Bee Roots for 2022-08-25

The table provides clues for the roots of words in today's NY Times Spelling Bee. You're responsible for prefixes, suffixes, tense changes, plurals, doubling consonants before suffixes, and alternate spellings of roots. An exception: since Sam won't allow S, when the root contains an S, the clue may be for a plural or suffixed form. "Mice" for example. If a clue isn't self-explanatory, try googling it. The TL;DR about the site comes after the table.

Past clues are available here

Today's puzzle
  • Letters: O/CEFLNU
  • Words: 32
  • Points: 128
  • Pangrams: 2
Source: WAvegetarian via Wikipedia, CC BY-SA 3.0

Table content

  • with first two letters of answer and length
root #answers coveredanswer's first two lettersanswer's lengthclue for root (answer may need prefix, suffix, tense change, alt spelling, ...)
11CE5Yo-Yo Ma’s instrument (also Pablo Casals')
21CL5Identical (genetic) copy, or make one, noun/verb
81CO4Ice cream holder shape
101CO4“Warm” antonym, or “neat!”
61CO5: (punctuation mark), or intestine
31CO6Nest for butterfly larva, noun; or wrap up like one, verb
41CO6Hot drink from roasted & ground beans; you might get some at Starbucks
111CO6Deep ravine, or lava flow; from French “to flow” (Grand … Dam in WA)
51CO7Irish term for a young ♀
71CO7Military rank between major & general (Hogan & Klink, e.g.)
91CO10Junction of 2 rivers, or act or process of merging; pangram noun
121FE5Person who has been convicted of a serious crime & often can’t vote as a result
131FL4Sheet of ice atop the ocean, homophone of moving liquid
141FL7Move in an exaggeratedly impatient or angry manner so as to draw attention to oneself (he…-ed out in a huff), perfect pangram verb
151FO4Unwise person, court jester tarot card, noun; or to trick or deceive, verb
161FO4Pollute, or make an out of bounds or illegal sports play (he hit a … ball)
171LO4Crazy, Spanish
181LO4Hang out or droop, as a dog’s tongue
191LO4Solitary (… wolf, e.g.), adj.
201LO4“Crazy” water bird on Canada $1 coin
221NE4Atomic number 10, gas in lighted signs
211NE6Person with non-traditional right-wing political views, slang abbr.
231NO4Xmas time, or playwright Coward
251NO4Quantity of zero; “all” antonym
261NO412:00, midday, 🕛
271NO4In grammar, a person, place or thing
241NO5Literary word meaning “for the [time being]”
281NU7(Physics) collective term for protons & neutrons
301ON4A single time (they deliver … a week)
311OU5Unit of weight or liquid measure; 128 in a US gallon & 16 in a pound
321UN6Not fashionable or impressive (think “warm” antonym), adj.

About this site

This site provides clues for a day's New York Times Spelling Bee puzzle. It exists to make it easier for Kevin Davis to take a day off. Most of the clues come from him. There may be some startup problems, but long term I think I can put the clues together with no more than half an hour's work.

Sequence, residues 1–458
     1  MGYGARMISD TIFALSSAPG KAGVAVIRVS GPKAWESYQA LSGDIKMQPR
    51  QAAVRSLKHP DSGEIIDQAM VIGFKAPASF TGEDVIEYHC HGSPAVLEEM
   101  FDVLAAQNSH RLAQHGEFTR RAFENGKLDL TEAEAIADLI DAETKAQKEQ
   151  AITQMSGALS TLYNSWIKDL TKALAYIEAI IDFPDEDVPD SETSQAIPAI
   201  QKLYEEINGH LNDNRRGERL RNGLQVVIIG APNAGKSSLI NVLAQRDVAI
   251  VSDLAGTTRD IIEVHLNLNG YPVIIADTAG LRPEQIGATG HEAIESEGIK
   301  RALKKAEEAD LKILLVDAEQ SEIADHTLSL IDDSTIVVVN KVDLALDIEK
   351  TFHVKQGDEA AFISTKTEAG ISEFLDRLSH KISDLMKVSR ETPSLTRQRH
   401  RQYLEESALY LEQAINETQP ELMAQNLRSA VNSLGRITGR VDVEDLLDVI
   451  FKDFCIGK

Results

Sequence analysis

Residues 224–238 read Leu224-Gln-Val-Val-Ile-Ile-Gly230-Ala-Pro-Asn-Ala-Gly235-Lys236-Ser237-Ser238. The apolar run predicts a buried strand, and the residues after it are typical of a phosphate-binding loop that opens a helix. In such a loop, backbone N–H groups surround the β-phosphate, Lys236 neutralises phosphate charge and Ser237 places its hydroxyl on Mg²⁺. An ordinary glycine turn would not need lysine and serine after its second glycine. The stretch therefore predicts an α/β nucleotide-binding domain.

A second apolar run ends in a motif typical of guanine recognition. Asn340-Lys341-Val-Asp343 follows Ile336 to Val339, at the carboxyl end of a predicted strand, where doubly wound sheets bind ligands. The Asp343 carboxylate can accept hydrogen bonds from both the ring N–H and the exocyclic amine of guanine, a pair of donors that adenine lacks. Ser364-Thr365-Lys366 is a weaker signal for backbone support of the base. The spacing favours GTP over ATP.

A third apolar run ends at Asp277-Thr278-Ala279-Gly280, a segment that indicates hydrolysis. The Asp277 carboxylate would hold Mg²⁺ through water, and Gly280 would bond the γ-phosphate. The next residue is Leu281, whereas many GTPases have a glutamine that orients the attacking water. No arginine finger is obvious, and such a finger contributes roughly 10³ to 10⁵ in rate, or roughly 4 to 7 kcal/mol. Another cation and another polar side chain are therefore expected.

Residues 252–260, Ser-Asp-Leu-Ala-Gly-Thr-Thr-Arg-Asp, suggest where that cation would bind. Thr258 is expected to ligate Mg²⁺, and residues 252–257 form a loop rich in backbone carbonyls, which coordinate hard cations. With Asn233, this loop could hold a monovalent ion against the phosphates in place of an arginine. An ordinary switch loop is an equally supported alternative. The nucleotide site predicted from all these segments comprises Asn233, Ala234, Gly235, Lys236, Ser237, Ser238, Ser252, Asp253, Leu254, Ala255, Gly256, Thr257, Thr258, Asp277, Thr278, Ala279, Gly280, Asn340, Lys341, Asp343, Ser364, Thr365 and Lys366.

The "Bee Roots" approach is to provide explicit clues for root words, not every word. This is similar to what Kevin Davis does, but without information about parts of speech As logophiles, we are pretty good at putting on prefixes and suffixes, changing tense, and forming plurals (including Latin plurals!). The clues cover root words, arranged alphabetically by root word, with a count of words in the puzzle that come from each root. For example, if a puzzle includes ROAM and ROAMING, there will be a clue for ROAM and a count of 2. The root may not appear in the puzzle at all; for example, the 2021-07-23 Bee included ICED, DEICE, and DEICED. For such a puzzle, the clue would be for ICE with a word count of 3.

The Bee Roots approach involves judgement sometimes. For example, if a puzzle includes LOVE, LOVED, and LOVELY, how many roots are needed to cover them? LOVE and LOVED share the root LOVE, certainly, but LOVELY is tricky. LOVE is part of its etymology, but by now, the word means "exquisitely beautiful," which is a lot farther from the meaning of LOVE than swithcing to past tense. I'm inclined to treat LOVE and LOVELY as separate roots. You may not agree, which is fine. Another thing we logophiles share is a LOVE of arguing about words on Twitter.

One last complication, until another one pops up: a few roots have multiple spellings, for example LOLLYGAG and LALLYGAG. Depending on the day's letters, and maybe even the editor's whims, one or both could be in the puzzle's answer list. With such roots, you could see a word count of 2, even if there are no applicable prefixes or suffixes.

I will do my best to keep this site up to date and helpful (I hope). Check it out, and tweet feedback to @donswartwout Tweet to @donswartwout

Many thanks to Kevin Davis, whose 4,500-word clue list made this possible.